Dog zoomies are something all dog owners are likely aware about. You know, those sudden energy bursts we randomly see in dogs and that can drive some dog owners crazy at times. Whether your dog gets the zoomies after a bath, the zoomies after eating, or a case of zoomies first thing in the morning or when you come home from work, one thing is for sure, your dog seems to be having a blast romping around wildly. Today’s trivia dog question will therefore revolve around these sudden energy bursts in dogs, so our dog trivia question is:
What is the “technical” name for dog zoomies?
A: Attention Deficit Hyperactivity Disorder
B: Dog Hyperkinesis
C: Obsessive compulsive disorder
D: Frenetic Random Activity Period
The correct answer is:
If you answered A, Attention Deficit Hyperactivity Disorder (ADHD), the answer is incorrect. According to Pat Miller, dogs with ADHD tend to display frenetic activity, but they have a hard time focusing due to abnormally short attention spans and they’re highly impulsive. This condition is greatly overdiagnosed and for the most part dogs who are acting “hyper” are just perfectly normal high-energy dogs. True hyperactivity in dogs is “a rare clinical syndrome, explains Debra F. Horwitz, veterinarian and Diplomate of the American College of Veterinary Behavior.
If you answered B, Dog Hyperkinesis, consider that this is just another term used to depict dogs who are hyperactive and cannot seem to rest even in calm, quiet surroundings.
If you answered C, Obsessive compulsive disorder (OCD) this answer is also incorrect–unless your dog is running in circles or chasing his tail for the most part of the day. Dogs with OCD will engage in repetitive behavior, such as chasing shadows, sucking their blankets, chasing tails, or licking paws, explains Jill Goldman, an applied animal behaviorist based in southern California.
So the correct answer is D, Frenetic Random Activity Period, often abbreviated as FRAP.
Also known as Frenetic Random Activity Period (FRAP), dog zoomies are quite popular in puppies and young dogs, but they are also seen in older dogs every now and then.
Affected dogs will get a crazy look on their faces as they take a play bow and then start wildly romping up and down the hallway or from one side of the room to another.
Why do dogs get the zoomies in the first place? It varies from dog to dog. Some dogs may get a case of zoomies after being restrained for some time such as when being groomed or bathed.
If the dog is not too eager to stay still and be groomed or bathed, then the zoomies may be a dog’s way to release stress as if saying “ahh… it feels so good to be free to move around again” or perhaps an even more relieving “wheeewww… I am so happy this is over!”
Dogs act crazy after a bath also perhaps as a way to speed up the drying process. You may sometimes see the zoomies in dogs engaged in doggy sports as a way to release their stress and in puppies it may be a sign that the puppy is getting tired and cranky, frustrated or overstimulated.
For some dogs though the zoomies are just a way of celebrating life. Some dogs get the zoomies after eating as if they were celebrating the sensation of having a full stomach and some dogs get them when their owners come home as if to celebrate the end of feeling lonely or bored. Some other dogs find that it’s a nice way to start the day after sleeping all night.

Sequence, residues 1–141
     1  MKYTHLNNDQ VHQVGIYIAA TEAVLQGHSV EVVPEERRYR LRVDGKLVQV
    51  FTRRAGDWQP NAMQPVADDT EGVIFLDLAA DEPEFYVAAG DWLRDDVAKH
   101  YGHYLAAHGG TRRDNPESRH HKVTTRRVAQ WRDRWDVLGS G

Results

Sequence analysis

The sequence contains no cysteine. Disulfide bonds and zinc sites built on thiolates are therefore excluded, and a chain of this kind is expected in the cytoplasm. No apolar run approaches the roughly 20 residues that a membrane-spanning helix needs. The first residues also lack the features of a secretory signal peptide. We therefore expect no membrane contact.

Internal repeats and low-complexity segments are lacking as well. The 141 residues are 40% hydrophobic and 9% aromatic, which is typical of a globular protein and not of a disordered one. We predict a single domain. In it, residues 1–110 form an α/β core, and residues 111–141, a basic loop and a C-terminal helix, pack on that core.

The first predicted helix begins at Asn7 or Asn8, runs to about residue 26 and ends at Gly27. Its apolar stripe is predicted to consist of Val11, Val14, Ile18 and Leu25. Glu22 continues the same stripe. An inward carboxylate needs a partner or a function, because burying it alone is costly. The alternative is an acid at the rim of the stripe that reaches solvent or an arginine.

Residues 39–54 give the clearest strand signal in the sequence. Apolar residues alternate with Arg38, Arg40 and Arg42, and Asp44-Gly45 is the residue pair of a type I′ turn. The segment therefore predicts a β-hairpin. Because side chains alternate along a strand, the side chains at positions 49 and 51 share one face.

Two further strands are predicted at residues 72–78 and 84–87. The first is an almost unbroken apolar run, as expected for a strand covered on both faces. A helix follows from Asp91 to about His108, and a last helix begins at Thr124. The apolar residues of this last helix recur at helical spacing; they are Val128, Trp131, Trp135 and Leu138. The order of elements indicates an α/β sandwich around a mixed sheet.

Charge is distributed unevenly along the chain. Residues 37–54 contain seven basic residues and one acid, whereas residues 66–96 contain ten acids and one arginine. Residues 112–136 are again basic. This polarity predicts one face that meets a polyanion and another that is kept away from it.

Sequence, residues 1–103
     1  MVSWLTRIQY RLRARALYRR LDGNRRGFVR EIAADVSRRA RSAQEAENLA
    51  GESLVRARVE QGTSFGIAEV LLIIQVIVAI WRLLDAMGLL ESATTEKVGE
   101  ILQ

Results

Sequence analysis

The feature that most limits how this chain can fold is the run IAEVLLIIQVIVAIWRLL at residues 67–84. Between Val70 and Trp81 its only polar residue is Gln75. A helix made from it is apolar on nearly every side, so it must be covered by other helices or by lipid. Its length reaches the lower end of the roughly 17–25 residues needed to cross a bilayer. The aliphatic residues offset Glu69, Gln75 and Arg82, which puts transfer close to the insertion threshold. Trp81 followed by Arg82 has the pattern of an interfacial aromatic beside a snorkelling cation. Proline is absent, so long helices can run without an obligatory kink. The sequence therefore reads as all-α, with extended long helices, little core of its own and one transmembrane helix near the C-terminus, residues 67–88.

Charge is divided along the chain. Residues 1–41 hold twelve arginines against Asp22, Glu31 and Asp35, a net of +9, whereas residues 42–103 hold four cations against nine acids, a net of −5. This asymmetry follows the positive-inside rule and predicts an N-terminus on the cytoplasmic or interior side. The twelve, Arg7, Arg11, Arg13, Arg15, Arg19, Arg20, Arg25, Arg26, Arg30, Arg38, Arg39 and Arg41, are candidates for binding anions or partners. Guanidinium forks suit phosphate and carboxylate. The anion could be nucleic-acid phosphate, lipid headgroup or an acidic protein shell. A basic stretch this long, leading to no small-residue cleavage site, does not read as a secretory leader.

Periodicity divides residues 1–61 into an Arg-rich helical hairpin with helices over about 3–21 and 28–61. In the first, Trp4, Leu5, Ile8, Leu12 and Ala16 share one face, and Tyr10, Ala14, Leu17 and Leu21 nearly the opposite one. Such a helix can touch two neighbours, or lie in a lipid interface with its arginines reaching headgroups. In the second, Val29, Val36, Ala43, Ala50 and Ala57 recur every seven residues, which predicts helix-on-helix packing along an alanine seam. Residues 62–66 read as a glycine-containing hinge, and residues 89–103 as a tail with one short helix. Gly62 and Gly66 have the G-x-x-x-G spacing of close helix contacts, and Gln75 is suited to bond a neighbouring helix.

And then there are dogs who act crazy after pooping as if they had to celebrate the relief of emptying their bowels or perhaps their wild running is just a way of ensuring that “no particles” are being left behind! Last but not least, there are dogs who get the zoomies when they’re tired or frustrated, just like toddlers throwing tantrums when they’re cranky and it’s time to go to sleep.
How to Handle Your Dog’s Zoomies
What should you do if your dog has the zoomies? When your dog acts crazy due to those Frenetic Random Activity Periods, you may be concerned about him hurting himself or knocking down your vases or porcelain collection off a coffee table. One option is to rush towards the door to entice your dog to chase you and let him take the steam off in the yard. With more space, there are less chances of him causing trouble and you can wait it out.
Alternatively, you can try focusing his attention on some toy and encourage him to play a calmer game of tug or a fetch. A helpful way to teach your dog how to turn off his “hyper switch” is by teaching a fun game such as Ian Dunbar’s “Jazz up and Settle Down” game.
You can prevent the zoomies from occurring in the first place by evaluating when they seem to occur the most and taking action. For example, if you know your dog has the zoomies after meals, prevent them by engaging your dog in a training session or in a mentally stimulating game using interactive toys before he starts running around acting crazy.
Remember that the zoomies are often fueled by excess energy so if you engage your puppy or dog in several activities during the day, they are less likely to occur. For many dog owners, the zoomies are simply an entertaining activity that’s worthy of sitting back and watching the show.
“The normal drive-you-crazy high-energy dog may have the zoomies all day long. But she gets easier to live with when you supply plenty of exercise to tire her body and reward-based training to tire her mind and improve her manners.” ~Jolanta Benal
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